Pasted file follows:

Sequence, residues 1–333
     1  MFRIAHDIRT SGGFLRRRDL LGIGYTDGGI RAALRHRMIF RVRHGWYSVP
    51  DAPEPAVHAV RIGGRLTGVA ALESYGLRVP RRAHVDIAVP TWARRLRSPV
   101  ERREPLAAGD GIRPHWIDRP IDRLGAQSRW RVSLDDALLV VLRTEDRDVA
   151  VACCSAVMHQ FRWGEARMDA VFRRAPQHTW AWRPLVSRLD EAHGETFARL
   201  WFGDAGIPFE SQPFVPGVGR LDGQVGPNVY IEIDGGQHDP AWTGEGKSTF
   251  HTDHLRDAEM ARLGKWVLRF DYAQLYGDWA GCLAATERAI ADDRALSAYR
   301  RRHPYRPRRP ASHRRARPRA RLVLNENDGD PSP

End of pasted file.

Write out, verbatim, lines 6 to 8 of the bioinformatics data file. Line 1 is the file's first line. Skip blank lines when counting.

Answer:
   201  WFGDAGIPFE SQPFVPGVGR LDGQVGPNVY IEIDGGQHDP AWTGEGKSTF
   251  HTDHLRDAEM ARLGKWVLRF DYAQLYGDWA GCLAATERAI ADDRALSAYR
   301  RRHPYRPRRP ASHRRARPRA RLVLNENDGD PSP